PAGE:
The selection of a Monster tile is usually pretty fast, resulting in a hand being slapped on the tile rather than softly placed. In the event that two or more players attempt to select the same tile, only the first player to place their hand gets to keep it. Everyone else has to select a new tile.

Step 3: Reveal Secret Mask

After all the players have selected a Monster tile, the Mime reveals their Secret Mask card. The card will match 1 tile. Points are then awarded.

  • If a Player Guessed Right: The player who guessed correctly draw 1 Secret Mask card, looks at it, and places it face-down in front of them. The Mime keeps their Secret Mast card and places it face-down in front of them. Both the Mime and the player who guessed correctly are awarded 1 point each.
  • If All the Players Guessed Wrong: If no one guessed correctly, the Mime draws 1 Secret Mask card (without looking at its face) and then removes both it and their Secret Mask card from the game. No points are awarded to any player.

Step 4: New Turn, New Mime

The turn is now over and a new turn now begins. The next player in turn order sequence is the new Mime and begins using step 1 noted above.

Conquering the Island

The game continues as described above until the draw deck is depleted. Each player then counts the number of Secret Mask cards they have collected, where each card is worth 1 point. The player with the most points (i.e. cards) is the winner. Players share the victory if there is a tie.

Game Variant

If players cannot or do not want to attempt to mime the expressions on the Secret Mask cards in total silence, they are welcome to use sounds. Grunts, growls, and evil laughs are all appropriate. The only thing they cannot do is point to the Monster tile or speak words that would suggest the Monster tile color or type. This game variant is pretty entertaining, as each Monster tile has a unique expression and accompanying sounds that would match it.

To learn more about Quickpick: Island of Monster Masks, visit the game’s web page.

Final Word

The Child Geeks had a great time with Quickpick: Island of Monster Masks, finding it to be fast, funny, and even a bit frustrating at times. According to one Child Geek, “It can be pretty easy to guess the expression, but really hard to find it and then slap it first.” One of the other aspects of the game that frustrated the players was that it was sometimes obvious which Monster tile was the right one to select. Once it was selected by a player, the opponents just had to sit back and grumble. However, turns are very quick in this game so no player was ever left sulking in the corner very long. As one Child Geek put it, “Even if you don’t get a card, you have another chance to get a card almost right away. It’s a fast game!” Young Child Geeks had no problem playing this game once they understood the rules (which didn’t take long, either), allowing a wide age range to compete, but not as equals. The older Child Geeks had an advantage from the very start. When all the masks were worn and returned to the shelf, the Child Geeks voted to approve Quickpick: Island of Monster Masks.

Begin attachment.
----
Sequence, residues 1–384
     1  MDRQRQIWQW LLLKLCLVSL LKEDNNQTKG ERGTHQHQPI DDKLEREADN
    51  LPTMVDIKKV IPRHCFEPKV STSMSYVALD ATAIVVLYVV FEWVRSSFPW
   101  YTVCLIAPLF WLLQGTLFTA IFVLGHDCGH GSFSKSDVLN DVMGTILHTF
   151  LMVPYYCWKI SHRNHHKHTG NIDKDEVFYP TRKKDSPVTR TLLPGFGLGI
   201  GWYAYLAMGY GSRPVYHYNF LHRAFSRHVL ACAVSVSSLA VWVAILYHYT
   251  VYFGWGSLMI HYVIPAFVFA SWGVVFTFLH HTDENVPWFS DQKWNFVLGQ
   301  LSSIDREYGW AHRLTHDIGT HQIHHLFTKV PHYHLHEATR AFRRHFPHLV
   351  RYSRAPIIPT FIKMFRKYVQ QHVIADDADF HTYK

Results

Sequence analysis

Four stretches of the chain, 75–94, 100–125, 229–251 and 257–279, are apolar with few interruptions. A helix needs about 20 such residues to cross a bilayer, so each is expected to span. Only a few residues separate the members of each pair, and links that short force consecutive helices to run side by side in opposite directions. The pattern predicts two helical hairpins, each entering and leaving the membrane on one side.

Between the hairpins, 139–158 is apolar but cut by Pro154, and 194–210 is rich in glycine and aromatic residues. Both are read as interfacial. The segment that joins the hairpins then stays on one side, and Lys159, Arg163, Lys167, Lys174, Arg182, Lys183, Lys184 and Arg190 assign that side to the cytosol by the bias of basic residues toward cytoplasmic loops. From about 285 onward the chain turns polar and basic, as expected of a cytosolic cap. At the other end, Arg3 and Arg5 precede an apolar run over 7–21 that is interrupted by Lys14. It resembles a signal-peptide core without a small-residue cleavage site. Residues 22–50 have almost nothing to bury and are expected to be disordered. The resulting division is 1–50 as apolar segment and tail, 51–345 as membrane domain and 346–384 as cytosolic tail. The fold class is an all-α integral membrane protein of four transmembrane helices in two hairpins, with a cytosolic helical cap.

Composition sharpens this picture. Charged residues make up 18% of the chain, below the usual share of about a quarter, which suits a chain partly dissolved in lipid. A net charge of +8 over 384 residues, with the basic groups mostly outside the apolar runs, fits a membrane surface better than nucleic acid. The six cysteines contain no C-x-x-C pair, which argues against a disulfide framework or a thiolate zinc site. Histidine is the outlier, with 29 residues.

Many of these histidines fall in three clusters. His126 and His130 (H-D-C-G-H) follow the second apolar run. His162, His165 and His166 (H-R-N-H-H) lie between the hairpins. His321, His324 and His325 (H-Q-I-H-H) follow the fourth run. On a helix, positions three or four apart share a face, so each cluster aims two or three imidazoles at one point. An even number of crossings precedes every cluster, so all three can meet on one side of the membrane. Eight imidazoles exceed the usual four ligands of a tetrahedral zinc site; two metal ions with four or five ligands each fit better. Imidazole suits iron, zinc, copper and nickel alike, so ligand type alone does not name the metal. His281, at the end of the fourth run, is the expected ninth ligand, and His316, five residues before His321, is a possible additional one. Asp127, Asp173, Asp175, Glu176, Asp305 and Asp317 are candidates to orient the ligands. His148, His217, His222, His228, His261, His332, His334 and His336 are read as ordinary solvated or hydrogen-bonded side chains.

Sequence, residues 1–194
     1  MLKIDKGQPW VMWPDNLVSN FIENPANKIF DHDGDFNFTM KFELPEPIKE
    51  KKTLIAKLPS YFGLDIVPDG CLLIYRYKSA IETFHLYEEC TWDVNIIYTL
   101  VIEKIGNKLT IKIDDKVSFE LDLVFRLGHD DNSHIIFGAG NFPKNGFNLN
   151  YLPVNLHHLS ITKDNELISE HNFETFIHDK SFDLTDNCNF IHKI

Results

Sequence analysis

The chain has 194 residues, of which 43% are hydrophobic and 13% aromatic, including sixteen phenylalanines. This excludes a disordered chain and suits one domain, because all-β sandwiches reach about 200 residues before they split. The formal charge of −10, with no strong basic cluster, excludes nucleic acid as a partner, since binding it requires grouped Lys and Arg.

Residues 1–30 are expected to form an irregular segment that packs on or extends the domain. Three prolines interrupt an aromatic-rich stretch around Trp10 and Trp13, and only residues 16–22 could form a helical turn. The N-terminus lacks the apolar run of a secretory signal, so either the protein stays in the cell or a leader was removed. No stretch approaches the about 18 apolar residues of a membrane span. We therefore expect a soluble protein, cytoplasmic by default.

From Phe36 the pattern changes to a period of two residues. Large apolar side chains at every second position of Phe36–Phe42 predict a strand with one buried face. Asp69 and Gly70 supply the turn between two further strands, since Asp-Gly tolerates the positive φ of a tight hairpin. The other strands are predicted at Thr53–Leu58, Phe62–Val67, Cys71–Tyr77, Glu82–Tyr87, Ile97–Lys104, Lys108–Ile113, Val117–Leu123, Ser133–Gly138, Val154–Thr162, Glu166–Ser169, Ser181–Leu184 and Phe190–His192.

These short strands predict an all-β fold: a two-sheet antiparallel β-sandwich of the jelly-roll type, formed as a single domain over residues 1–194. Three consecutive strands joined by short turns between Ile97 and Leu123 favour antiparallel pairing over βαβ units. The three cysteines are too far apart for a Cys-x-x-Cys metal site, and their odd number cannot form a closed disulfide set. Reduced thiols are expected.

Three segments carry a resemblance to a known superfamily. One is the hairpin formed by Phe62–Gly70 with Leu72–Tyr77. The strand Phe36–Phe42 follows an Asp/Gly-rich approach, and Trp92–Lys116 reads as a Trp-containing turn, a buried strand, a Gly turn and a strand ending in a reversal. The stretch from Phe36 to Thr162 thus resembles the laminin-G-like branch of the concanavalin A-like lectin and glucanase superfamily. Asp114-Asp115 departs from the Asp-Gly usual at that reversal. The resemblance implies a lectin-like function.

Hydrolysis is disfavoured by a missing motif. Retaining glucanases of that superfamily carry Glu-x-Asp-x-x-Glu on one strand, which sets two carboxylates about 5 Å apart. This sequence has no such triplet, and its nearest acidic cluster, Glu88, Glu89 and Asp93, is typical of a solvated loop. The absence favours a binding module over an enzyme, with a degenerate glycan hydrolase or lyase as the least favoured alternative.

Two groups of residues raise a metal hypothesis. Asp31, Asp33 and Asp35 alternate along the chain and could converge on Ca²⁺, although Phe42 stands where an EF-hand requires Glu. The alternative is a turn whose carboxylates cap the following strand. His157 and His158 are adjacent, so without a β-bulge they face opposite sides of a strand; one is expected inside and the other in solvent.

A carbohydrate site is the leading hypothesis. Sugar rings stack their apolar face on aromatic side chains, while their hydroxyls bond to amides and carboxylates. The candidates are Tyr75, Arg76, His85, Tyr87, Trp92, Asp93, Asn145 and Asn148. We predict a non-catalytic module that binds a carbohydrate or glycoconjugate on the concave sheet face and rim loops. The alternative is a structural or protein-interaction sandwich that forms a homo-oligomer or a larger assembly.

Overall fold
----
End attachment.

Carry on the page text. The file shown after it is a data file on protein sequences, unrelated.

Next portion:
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Every turn started in complete silence and ended with a flurry of furious slaps!

The Parent Geeks found the game to be a great deal of fun for the family and with their peers. According to one Parent Geek, “It’s fun to play with kids and see their silly faces, but even more entertaining to see an adult do a monster face.” While the Parent Geeks all agreed that Quickpick: Island of Monster Masks was a great game for their children and their families, they found it to be a surprisingly entertaining game for adults at parties. As one one Parent Geek put it, “If you ask a group of adults to play Charades, you’ll get a lot of push back. If you ask them to sit at the table, drink some wine, and make silly faces, they race to find their place to play. It’s crazy.” The only word of caution I can give Parent Geeks who enjoy a beverage during their games is to play Quickpick: Island of Monster Masks on a solid table. Since the cards are smacked, most glasses tend to tip. Such are the hazards of our hobby. All the Parent Geeks voted to approve Quickpick: Island of Monster Masks.